Janna Wale, Giant's Causeway in Northern Ireland

By Janna Wale, Thompson Rivers University, winner of the 2017 Stories from Abroad Scholarship.

Have you ever had something you really wanted to do on your bucket list for such a long amount of time, that when you are actually accomplishing it you keep having moments of “Am I really here right now?” This is the kind of surrealism that overwhelmed me when I made it to the Giant’s Causeway in Northern Ireland.

It felt wonderful.

Simply put, the Giant’s Causeway is a portion of the Northern Irish coast shaped by the rapid cooling of super-heated magma from thousands of years ago into a series of hexagonally fractured rock columns. Picture rock honeycombs. The columns themselves are all different heights, but are all roughly the same size and are all almost perfectly flat on the top. Cool and yet totally mysterious right?

Now, what you need to remember is that Ireland rivals Scotland in terms of folklore, superstition and legend; studying in Scotland, one thing I have come to understand is that many highland traditions and cultural practices are still talked about or honored in every day Scottish life. They still hold traditional Ceilidh (Scottish folk music and dancing), and many of the men are still married in their traditional tartan family colors. The Irish associate the causeway with a legend of the giant Fionn mac Cumhaill, who they believe built the causeway in order to reach Scotland.

The current scientific explanation for these stones, is that the magma cooled faster than normal – for some reason. The truth is, no one really knows why the causeway took and held these unique shapes despite being battered by the rough Irish seas for thousands of years. To me, this is a true wonder of the world, a book with the beginning few chapters missing. We know the characters and the ending, but where did it all start? What had a role in shaping the final chapters?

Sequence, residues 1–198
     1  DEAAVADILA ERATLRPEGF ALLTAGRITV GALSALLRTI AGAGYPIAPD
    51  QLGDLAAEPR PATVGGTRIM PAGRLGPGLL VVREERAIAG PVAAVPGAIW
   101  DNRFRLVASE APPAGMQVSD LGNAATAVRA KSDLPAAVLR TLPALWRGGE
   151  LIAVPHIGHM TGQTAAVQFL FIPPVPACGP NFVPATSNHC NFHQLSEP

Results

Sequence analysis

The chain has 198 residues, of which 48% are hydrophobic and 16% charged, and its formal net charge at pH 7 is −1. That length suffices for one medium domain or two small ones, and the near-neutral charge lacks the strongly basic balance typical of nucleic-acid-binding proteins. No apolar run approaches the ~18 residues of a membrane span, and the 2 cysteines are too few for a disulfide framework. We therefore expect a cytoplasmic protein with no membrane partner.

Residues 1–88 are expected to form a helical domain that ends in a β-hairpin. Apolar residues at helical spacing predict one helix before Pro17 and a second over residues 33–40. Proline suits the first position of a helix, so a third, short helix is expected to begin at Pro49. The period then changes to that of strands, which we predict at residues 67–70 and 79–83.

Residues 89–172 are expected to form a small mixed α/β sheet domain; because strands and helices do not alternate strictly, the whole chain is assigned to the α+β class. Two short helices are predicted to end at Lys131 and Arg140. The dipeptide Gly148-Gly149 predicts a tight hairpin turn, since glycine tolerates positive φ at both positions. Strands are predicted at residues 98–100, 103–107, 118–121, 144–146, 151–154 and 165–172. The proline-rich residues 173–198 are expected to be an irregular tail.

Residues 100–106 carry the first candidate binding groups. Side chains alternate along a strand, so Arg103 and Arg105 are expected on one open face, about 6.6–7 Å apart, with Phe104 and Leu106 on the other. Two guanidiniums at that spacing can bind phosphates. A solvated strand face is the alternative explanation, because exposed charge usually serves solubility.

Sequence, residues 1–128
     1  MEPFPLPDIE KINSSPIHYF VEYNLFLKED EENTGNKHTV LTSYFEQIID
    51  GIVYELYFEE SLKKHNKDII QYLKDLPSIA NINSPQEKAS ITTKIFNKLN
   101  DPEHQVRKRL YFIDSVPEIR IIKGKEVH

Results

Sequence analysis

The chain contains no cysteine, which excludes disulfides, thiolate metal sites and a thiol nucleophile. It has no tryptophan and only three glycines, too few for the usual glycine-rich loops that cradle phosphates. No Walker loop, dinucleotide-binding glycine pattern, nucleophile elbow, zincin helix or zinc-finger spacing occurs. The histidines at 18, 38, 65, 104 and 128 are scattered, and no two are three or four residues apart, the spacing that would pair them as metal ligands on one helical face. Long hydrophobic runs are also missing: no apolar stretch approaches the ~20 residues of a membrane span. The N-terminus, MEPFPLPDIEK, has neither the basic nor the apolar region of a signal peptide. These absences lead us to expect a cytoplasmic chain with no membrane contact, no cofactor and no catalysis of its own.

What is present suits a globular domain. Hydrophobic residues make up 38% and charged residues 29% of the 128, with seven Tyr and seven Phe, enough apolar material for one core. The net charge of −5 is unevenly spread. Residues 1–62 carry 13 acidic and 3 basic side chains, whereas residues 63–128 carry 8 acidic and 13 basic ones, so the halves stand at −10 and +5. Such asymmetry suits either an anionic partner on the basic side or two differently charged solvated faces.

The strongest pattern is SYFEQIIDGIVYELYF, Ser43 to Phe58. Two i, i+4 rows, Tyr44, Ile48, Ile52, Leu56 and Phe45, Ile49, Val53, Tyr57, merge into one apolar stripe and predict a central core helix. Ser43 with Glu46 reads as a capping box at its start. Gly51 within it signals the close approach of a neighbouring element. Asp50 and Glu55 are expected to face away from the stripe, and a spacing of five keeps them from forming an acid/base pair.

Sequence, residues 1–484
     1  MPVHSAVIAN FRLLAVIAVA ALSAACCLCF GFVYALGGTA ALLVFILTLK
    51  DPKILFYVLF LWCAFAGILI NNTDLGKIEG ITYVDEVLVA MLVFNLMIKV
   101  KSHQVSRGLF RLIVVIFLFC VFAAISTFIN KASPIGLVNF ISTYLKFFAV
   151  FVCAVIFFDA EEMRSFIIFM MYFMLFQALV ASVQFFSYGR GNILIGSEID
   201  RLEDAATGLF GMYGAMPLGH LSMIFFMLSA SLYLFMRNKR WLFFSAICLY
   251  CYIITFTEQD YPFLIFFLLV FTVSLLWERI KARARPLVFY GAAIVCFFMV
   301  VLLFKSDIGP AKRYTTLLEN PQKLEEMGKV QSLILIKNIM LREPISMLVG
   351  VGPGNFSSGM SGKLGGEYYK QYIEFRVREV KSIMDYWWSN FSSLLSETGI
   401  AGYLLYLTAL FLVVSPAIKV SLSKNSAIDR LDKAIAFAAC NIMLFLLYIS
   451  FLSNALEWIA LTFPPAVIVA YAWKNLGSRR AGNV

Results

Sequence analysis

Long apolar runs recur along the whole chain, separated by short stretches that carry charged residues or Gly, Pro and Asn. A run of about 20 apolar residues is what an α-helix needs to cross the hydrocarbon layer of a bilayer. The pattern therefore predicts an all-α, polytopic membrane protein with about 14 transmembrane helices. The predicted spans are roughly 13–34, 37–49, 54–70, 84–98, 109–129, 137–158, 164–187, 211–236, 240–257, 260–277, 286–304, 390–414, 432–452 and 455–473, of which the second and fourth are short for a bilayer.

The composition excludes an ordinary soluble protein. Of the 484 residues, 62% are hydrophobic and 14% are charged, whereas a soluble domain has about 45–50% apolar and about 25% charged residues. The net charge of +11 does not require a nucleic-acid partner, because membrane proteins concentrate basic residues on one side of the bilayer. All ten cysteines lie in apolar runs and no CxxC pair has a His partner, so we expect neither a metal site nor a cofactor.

While I may not have the answers, I was able to walk on the stones that have mystified people for centuries and been the source of legend. The biggest adventure you can take is to live your dreams, and I was able to accomplish mine rain-soaked and frozen, but full of joy. I feel so incredibly blessed that I was given the chance to see the Giant’s Causeway, and I was reminded that there is no such thing as bad weather in Ireland, just different types of good weather. Although I may not know the mystery behind the stones, I know that once you Google “rock jokes” to spice up a blog, you’ve hit rock bottom.

Thanks for listening/reading,

Category: 
Student Blog

0 Comments

Leave a Comment

Plain text

  • No HTML tags allowed.
  • Web page addresses and e-mail addresses turn into links automatically.
  • Lines and paragraphs break automatically.
By submitting this form, you accept the Mollom privacy policy.

Recent Blog Posts

Are you currently studying or planning to study abroad in-person or virtually this spring? Apply now for a chance to receive a $500 (virtual study abroad program) and $1000 (in-person study abroad program) to enhance your learning experience abroad. BC Study Abroad Scholarships are now accepting...Read more
By: Amanda Phillips, Capilano University, winner of the Spring 2023 BC Study Abroad: Stories from Abroad Scholarship Study Abroad Destination: Austria Saying, “I’m studying abroad in Vienna” was one thing. Physically being abroad was another. Now, sitting back home in my childhood bedroom in...Read more
Thank you to everyone who participated in our scholarship! We are pleased to announce the winners of the Fall 2023 Stories from Abroad: British Columbia Study Abroad Scholarship . Congratulations to: Joe Porter, Douglas College Joe is a 19-year-old British-Canadian studying at the University of...Read more